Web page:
More articles Monday 21 August 2017 3:22pm
Gerry Hassan & Michael Keating in Conversation on the Future of Scottish Politics at the Edinburgh International Book Festival
Political commentator Gerry Hassan says there is a “deceit” at the heart of Scottish politics about “claiming we are a social democracy”, while the Unionist-versus-Nationalist dynamic is “trench warfare, a war of attrition” that is harming public debate.
“In case no one’s noticed, social democracy is actually in crisis across the Western World, in retreat, even in the Nordics,” he told the Edinburgh International Book Festival. “Maybe we need to think beyond social democracy before we’ve even got there in a sense. And we have to have an honest assessment and awareness of the Scottish public sphere, Scottish public life…it can’t be about certainty.”
Hassan said public discourse should instead focus on “the conditional politics of independence versus the conditional politics of the Union”, which he believed would be more “intellectually honest, stimulating, open minded”, not “not about giving yourself to the politics of faith of independence or the Union. And that means we need to identify, champion and give voice to that middle Scotland, people who don’t have certainty.”
Hassan, author of Scotland the Bold and editor of A Nation Changed? The SNP and Scotland Ten Years On, was in conversation with Professor Michael Keating, editor of A Wealthier, Fairer Scotland, about the future of Scottish politics following the independence referendum, Brexit and the recent UK General Election.
Professor Keating said that after last year’s EU referendum, the UK was now facing “that sort of existential question about what kind of society we’re going to look like”. And, he added, “the idea that somehow you’ll find your independence and then be able to do whatever you like is as illusory as it is in Scotland. We’re in a complicated world where power is in multiple places…[we’re having] the wrong kind of debate.”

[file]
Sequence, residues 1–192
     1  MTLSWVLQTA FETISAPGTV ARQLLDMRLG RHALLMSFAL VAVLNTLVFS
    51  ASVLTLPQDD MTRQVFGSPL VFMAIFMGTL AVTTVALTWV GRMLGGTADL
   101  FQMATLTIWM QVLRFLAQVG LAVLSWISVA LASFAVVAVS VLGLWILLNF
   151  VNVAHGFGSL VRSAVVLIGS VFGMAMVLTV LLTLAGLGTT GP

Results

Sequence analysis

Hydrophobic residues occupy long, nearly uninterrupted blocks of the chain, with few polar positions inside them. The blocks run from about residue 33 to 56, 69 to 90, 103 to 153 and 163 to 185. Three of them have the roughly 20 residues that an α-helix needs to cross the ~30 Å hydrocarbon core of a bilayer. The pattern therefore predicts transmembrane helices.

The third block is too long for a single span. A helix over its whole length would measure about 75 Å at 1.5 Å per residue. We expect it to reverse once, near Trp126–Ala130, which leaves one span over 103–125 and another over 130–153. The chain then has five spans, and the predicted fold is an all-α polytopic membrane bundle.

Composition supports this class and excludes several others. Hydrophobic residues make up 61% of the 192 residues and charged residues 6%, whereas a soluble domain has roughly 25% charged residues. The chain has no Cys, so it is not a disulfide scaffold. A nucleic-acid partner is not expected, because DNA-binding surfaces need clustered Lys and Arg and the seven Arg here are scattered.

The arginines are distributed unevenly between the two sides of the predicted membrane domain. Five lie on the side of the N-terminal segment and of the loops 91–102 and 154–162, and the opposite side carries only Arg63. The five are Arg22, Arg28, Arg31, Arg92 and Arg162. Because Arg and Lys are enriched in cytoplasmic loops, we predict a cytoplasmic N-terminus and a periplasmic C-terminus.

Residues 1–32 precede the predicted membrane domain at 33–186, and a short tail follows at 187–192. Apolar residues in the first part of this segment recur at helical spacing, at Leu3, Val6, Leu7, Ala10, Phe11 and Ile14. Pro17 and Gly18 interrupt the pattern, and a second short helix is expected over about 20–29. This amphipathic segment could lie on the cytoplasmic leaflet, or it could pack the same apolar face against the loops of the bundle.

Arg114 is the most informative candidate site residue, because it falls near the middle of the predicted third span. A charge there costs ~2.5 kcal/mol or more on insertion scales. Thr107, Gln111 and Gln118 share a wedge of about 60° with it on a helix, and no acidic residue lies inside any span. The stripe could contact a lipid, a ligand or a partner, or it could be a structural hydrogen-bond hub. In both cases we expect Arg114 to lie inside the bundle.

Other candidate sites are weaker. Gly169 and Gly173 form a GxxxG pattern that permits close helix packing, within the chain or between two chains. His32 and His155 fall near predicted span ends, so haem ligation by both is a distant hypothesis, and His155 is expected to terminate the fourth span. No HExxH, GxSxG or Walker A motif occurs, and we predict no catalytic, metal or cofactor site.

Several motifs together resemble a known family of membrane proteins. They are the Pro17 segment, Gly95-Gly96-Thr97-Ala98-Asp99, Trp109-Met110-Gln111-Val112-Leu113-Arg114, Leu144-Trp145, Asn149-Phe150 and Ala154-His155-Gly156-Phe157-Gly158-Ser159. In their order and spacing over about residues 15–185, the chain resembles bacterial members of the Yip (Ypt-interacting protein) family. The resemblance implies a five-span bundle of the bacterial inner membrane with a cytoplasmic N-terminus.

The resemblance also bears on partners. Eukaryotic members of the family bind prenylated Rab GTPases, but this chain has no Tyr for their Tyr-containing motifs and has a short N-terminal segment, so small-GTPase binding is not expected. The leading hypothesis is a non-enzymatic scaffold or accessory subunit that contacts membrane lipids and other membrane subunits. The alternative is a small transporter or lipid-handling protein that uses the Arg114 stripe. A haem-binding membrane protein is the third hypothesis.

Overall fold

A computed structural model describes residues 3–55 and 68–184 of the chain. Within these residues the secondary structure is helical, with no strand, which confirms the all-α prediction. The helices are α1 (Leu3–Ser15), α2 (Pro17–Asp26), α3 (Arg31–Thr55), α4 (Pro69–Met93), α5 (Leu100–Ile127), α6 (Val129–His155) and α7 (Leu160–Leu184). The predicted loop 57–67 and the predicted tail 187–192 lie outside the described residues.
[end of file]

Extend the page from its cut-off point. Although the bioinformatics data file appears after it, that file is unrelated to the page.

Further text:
But, said Keating, devolution had “been enormously positive” for Scotland, although Hassan believed there had been too much focus on the Scottish Parliament, which he described as a bit of “an empty vessel”.
Asked about recent statements from former SNP leader and First Minister Alex Salmond, which some believe are unhelpful to his successor Nicola Sturgeon, Hassan said: “Yeah, Alex Salmond is a problem, in fact, Alex Salmond has always been a problem. Alex Salmond, a Marmite politician in the indyref, lots of people love him, lots of people can’t stand him, we all have Alex Salmonds in our life, those relatives who have just too good a conceit of themselves.
“But why Salmond matters here [is] we’re operating in a little bit of a vacuum, an age of uncertainty…and what’s aided that vacuum is since the indyref there’s been a failure of leadership on the part of the SNP, and central in that has been Nicola Sturgeon. The SNP has never privately or publicly said ‘we lost’ and then had a post-mortem…and if those things had been different then Alex Salmond’s vaudeville show would probably still be taking place, but it would have less political ripples. It has ripples because there’s silence where there shouldn’t be silence.”
And responding to last week’s Book Festival debate about the word “nationalism” and Ms Sturgeon’s suggestion that she would like to change the name of her party, Professor Keating said: “The Unionist parties say ‘we don’t believe in nationalism’ but they’re nationalist parties, British nationalist parties.
“The debate in Scotland on independence has come to dominate politics despite the fact that on almost every other issue the parties in Scotland agree completely, they only disagree about the framework in which this kind of society should be realised, whether it’s Scotland, the UK or European, and this is really quite frustrating and gets in the way. We can’t get rid of the nation, but if all politics become ways of rehearsing the nation then that does cause us to lose sight of these other big issues.”